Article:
Additional settlement funds for environmental violations and natural resource damages in urban waters under laws such as the Clean Water Act, Oil Pollution Act, or Superfund may be available through NOAA. These settlement funds are usually restricted to the urban water area of impact and will be awarded to competitive projects as geographically appropriate.
ADDITIONAL FUNDING AVAILABILITY
Corporate funding is available in several priority locations as noted below in addition to federal funds made available by the USFS and EPA (available to all geographic locations).
- Southern Company:Approximately $200,000 is available from Southern Company and its operating companies (Alabama Power, Georgia Power, Gulf Power, and Mississippi Power) to support conservation and restoration projects in the Southern Company service area, which includes:
- Alabama (excluding Lauderdale, Colbert, Lawrence, Limestone, Madison, Marshall, Morgan, Jackson and DeKalb Counties)
- Florida Panhandle (west of the Apalachicola River)
- Georgia (excluding Union, Fannin and Towns Counties)
- Southeast Mississippi (23 counties, from Meridian to the coast, with the west boundary running from Pearl River County to Union County)
Visit www.southerncompany.com/aboutus/about.aspx to view a map of the Southern Company Service Area.
- FedEx EarthSmart Outreach:Approximately $400,000 is available from FedEx’s EarthSmart Outreach program to support urban conservation and restoration in the following 19 metropolitan areas:
- Wells Fargo: Up to $200,000 may be available for projects identified in Wells Fargo priority geographic regions for community-based projects supporting restoration, conservation and outreach to communities. For a list of 2013 priority regions, please see the chart on page 2 of the Wells Fargo Environmental Solutions for Communities 2013 RFP
Anticipated Additional Opportunities
- Up to an additional $165,000 may be available to support projects in the communities noted above as well as the following areas:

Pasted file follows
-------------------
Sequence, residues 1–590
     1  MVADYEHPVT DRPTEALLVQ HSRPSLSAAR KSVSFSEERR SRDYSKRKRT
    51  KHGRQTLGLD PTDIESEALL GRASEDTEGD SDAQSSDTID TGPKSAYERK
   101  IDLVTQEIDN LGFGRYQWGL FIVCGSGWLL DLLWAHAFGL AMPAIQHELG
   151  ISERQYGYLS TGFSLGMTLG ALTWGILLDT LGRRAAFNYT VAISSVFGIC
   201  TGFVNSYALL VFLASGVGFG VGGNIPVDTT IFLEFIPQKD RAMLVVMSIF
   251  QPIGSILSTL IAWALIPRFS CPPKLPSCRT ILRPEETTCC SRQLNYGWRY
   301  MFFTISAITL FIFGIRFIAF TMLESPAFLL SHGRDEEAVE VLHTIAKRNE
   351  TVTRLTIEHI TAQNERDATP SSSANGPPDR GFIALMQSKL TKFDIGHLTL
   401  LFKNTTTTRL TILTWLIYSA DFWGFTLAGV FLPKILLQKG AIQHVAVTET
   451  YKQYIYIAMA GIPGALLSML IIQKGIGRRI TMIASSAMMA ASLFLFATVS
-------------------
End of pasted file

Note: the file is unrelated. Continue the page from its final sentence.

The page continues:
Juncos, PR Providence, RI
If additional funds become available from other federal or private donors, more projects may be funded beyond the level currently available.
The Five Star/Urban Waters Restoration Program is open to any entity that can receive grants. While partnerships are encouraged to include state and federal agencies, those entities may not serve as the grantee unless the community partners demonstrate that the state or federal agency is best suited to coordinate the community-based project.
Grants will be $20,000.00 to $50,000.00 and will vary in size, duration and scale. In general, most smaller-scale, one-year projects will be in the $20,000-$30,000* range. Two-year, larger-scale urban projects will be eligible for grants up to $50,000. Only a very limited number of projects meeting the highest competitive criteria will be awarded at the $50,000 level, so please budget accordingly. We anticipate the average grant award will be $25,000-$35,000.
*Southern Company may fund projects at the $15,000 level.
A minimum 1:1 match of cash and/or in-kind/contributed goods and services to funds requested is expected. The ratio of matching funds offered by the applicant is one criterion considered during the review process. All potential sources of match, including cash contributions and dollar equivalent value of in-kind goods and services (including volunteer services) must be listed on the application.
Matching funds may be federal or non-federal in nature. Federal funds may be used to match only non-federal NFWF funding sources for a project. It is expected that grant awards of NFWF federal funds will be matched 1:1 with non-federal funds or in-kind services. Check with NFWF to confirm applicability.
To be eligible, matching contributions must be raised and dedicated specifically for the project, and be voluntary in nature (mitigation, restitution, or other permit or court-ordered settlements are ineligible).
Grant funds may not be used for political advocacy, fundraising, lobbying or litigation activities or to support projects resulting from legal requirements (e.g., permit conditions, mitigation or settlement agreements). However, grant funds may be used to support projects that enhance or improve upon existing baseline compliance efforts. (Note: proposal must provide clear distinction between required and voluntary actions).
- Applicants must fully address the key elements discussed above.
- Grant requests must be for $20,000 – $50,000.
- Projects should be completed within one to two years of award.
- For USFS urban waters funding, a preference is given to projects that take place on, or directly benefit public lands.